Event handling

VISA supports generating events on the instrument side usually when a register change and handling then on the controller using two different mechanisms:

  • storing the events in a queue
  • calling a dedicated handler function registered for that purpose when the event occurs

PyVISA supports using both mechanism and tries to provide a convenient interface to both. Below we give a couple of example of how to use each mechanism (using a fictional instrument).

Waiting on events using a queue

First let’s have a look at how to wait for an event to occur which will be stored in a queue.

from pyvisa import ResourceManager, constants

rm = ResourceManager

with rm.open_resource("TCPIP::192.168.0.2::INSTR") as instr:

    # Type of event we want to be notified about
    event_type = constants.EventType.service_request
    # Mechanism by which we want to be notified
    event_mech = constants.EventMechanism.queue

    instr.enable_event(event_type, event_mech)

    # Instrument specific code to enable service request
    # (for example on operation complete OPC)
    instr.write("*SRE 1")
    instr.write("INIT")

    # Wait for the event to occur
    response = instr.wait_on_event(event_type, 1000)
    assert response.event.event_type == event_type
    assert response.timed_out = False
    instr.disable_event(event_type, event_mech)

Let’s examine the code. First, to avoid repeating ourselves, we store the type of event we want to be notified about and the mechanism we want to use to be notified. And we enable event notifications.

# Type of event we want to be notified about
event_type = constants.EventType.service_request
# Mechanism by which we want to be notified
event_mech = constants.EventMechanism.queue

instr.enable_event(event_type, event_mech)

Next we need to setup our instrument to generate the kind of event at the right time and start the operation that will lead to the event. For the sake of that example we are going to consider a Service Request event. Usually service request can be enabled for a range of register state, the details depending on the instrument. One useful case is to generate a service request when an operation is complete which is what we are pretending to do here.

Finally we wait for the event to occur and we specify a timeout of 1000ms to avoid waiting forever. Once we receive the event we disable event handling.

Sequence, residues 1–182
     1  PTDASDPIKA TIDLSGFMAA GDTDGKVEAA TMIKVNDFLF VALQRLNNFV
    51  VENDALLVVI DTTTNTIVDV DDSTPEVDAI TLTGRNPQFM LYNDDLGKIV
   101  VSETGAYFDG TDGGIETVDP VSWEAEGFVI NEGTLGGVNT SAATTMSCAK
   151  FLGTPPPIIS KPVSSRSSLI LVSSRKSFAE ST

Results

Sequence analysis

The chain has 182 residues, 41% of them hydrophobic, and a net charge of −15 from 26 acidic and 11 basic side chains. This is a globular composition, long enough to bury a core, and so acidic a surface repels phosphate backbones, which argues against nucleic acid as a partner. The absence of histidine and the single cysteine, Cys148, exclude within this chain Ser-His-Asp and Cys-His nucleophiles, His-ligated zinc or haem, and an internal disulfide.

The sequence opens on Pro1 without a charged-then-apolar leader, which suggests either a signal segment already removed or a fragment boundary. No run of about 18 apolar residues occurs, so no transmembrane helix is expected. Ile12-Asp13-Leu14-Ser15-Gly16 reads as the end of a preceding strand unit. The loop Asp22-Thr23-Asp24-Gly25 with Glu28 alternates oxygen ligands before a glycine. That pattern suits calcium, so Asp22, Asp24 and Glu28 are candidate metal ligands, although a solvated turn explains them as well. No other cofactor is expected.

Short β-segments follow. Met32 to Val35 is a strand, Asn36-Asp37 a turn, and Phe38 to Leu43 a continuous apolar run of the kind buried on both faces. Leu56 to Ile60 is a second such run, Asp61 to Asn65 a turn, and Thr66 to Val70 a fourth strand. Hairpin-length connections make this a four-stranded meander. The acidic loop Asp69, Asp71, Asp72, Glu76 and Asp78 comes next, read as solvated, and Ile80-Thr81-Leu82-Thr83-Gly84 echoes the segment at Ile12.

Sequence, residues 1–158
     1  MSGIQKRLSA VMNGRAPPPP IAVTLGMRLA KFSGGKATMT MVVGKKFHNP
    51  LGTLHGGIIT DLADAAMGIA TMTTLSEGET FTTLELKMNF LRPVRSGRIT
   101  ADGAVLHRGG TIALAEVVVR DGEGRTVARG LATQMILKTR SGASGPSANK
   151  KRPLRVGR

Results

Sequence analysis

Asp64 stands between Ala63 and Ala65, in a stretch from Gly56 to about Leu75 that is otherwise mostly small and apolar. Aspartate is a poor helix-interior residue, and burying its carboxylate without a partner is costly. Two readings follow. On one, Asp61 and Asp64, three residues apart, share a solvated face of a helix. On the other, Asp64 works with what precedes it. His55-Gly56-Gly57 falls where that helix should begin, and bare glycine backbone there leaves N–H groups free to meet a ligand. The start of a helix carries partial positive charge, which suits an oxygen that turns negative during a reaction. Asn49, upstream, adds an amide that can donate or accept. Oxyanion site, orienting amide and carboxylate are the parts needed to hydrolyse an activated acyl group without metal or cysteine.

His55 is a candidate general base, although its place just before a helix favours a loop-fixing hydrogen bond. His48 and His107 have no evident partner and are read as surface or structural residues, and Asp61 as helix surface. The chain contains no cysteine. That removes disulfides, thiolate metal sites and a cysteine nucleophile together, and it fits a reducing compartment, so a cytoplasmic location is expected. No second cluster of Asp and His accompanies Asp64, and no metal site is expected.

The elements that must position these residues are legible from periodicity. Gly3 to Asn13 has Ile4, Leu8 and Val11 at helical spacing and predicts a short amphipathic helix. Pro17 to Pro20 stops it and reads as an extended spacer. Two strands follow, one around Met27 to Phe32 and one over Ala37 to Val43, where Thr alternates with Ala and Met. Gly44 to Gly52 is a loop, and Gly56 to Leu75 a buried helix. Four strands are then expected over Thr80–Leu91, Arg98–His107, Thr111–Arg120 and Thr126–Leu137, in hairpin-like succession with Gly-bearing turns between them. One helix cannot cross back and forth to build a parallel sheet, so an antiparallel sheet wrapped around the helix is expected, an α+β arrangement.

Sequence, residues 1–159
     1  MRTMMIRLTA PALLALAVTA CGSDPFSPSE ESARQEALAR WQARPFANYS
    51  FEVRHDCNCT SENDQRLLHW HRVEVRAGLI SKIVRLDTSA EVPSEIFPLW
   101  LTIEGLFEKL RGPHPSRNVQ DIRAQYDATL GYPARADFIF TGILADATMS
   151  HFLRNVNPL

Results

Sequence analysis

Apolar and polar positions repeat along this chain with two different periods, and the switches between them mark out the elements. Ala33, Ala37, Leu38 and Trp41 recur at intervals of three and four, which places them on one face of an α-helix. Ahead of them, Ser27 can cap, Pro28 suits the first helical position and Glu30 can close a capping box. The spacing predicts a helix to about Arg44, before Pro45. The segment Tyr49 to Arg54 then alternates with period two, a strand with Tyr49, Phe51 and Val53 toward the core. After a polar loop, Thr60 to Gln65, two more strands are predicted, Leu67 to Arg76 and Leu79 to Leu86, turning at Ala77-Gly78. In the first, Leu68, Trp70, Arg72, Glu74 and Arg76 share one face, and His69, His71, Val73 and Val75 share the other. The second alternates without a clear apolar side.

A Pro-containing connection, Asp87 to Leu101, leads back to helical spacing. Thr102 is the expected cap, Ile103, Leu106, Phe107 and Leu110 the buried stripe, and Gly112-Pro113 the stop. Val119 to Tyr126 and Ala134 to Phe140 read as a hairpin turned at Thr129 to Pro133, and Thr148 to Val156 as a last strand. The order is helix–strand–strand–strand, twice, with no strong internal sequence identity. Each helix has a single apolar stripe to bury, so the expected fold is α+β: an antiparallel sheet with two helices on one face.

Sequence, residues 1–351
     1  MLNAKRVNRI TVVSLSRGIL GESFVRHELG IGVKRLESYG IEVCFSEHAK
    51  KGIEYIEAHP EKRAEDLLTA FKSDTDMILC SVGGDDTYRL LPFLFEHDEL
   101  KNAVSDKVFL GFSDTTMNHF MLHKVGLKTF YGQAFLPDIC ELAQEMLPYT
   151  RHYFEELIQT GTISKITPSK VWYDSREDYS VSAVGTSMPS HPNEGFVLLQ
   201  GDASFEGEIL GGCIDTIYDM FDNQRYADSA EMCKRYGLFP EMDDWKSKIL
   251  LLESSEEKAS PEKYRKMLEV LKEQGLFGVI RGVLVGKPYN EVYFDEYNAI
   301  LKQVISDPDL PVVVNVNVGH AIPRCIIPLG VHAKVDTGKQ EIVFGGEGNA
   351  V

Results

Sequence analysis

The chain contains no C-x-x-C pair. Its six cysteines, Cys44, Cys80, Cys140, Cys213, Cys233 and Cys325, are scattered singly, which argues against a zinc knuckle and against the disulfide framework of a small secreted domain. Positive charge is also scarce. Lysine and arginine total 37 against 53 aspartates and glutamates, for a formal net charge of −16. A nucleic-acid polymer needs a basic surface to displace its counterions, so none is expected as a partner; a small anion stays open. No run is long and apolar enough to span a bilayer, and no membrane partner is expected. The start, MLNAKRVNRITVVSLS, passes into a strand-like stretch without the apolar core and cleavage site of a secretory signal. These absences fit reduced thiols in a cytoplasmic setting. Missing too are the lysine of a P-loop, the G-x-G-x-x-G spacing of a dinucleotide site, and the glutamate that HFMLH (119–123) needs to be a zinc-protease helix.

Registering handlers for event

Rather than waiting for an event, it can sometimes be convenient to take immediate action when an event occurs, in which case having the VISA library call a function directly can be useful. Let’s see how.

Note

One can enable event handling using both mechanisms (constants.EventMechanism.all)

from time import sleep
from pyvisa import ResourceManager, constants

rm = ResourceManager

def handle_event(resource, event, user_handle):
    resource.called = True
    print(f"Handled event {event.event_type} on {resource}")

with rm.open_resource("TCPIP::192.168.0.2::INSTR") as instr:

    instr.called = False

    # Type of event we want to be notified about
    event_type = constants.EventType.service_request
    # Mechanism by which we want to be notified
    event_mech = constants.EventMechanism.queue

    wrapped = instr.wrap_handler(handle_event)

    user_handle = instr.install_handler(event_type, wrapped, 42)
    instr.enable_event(event_type, event_mech, None)

    # Instrument specific code to enable service request
    # (for example on operation complete OPC)
    instr.write("*SRE 1")
    instr.write("INIT")

    while not instr.called:
        sleep(10)

    instr.disable_event(event_type, event_mech)
    instr.uninstall_handler(event_type, wrapped, user_handle)

Our handler function needs to have a specific signature to be used by VISA. The expected signature is (session, event_type, event_context, user_handle). This signature is not exactly convenient since it forces us to deal with a number of low-level details such session (ID of a resource in VISA) and event_context that serves the same purpose for events. One way to get a nicer interface is to wrap the handler using the wrap_handler method of the Resource object. The wrapped function is expected to have the following signature: (resource, event, user_handle) which the signature of our handler:

def handle_event(resource, event, user_handle):
    resource.called = True
    print(f"Handled event {event.event_type} on {resource}")

And before installing the handler, we wrap it:

wrapped = instr.wrap_handler(handle_event)

When wrapping a handler, you need to use the resource on which it is going to be installed to wrap it. Furthermore note that in order to uninstall a handler you need to keep the wrapped version around.

Next we install the handler and enable the event processing:

user_handle = instr.install_handler(event_type, wrapped, 42)
instr.enable_event(event_type, event_mech, None)

When installing a handler one can optionally specify a user handle that will be passed to the handler. This handle can be used to identify which handler is called when registering the same handler multiple times on the same resource. That value may have to be converted by the backend. As a consequence the value passed to the handler may not the same as the value registered and its value will be to the backend dependent. For this reason you need to keep the converted value returned by install handler to uninstall the handler at a later time.

Note

In the case of ctwrapper that ships with PyVISA, the value is converted to an equivalent ctypes object (c_float for a float, c_int for an integer, etc)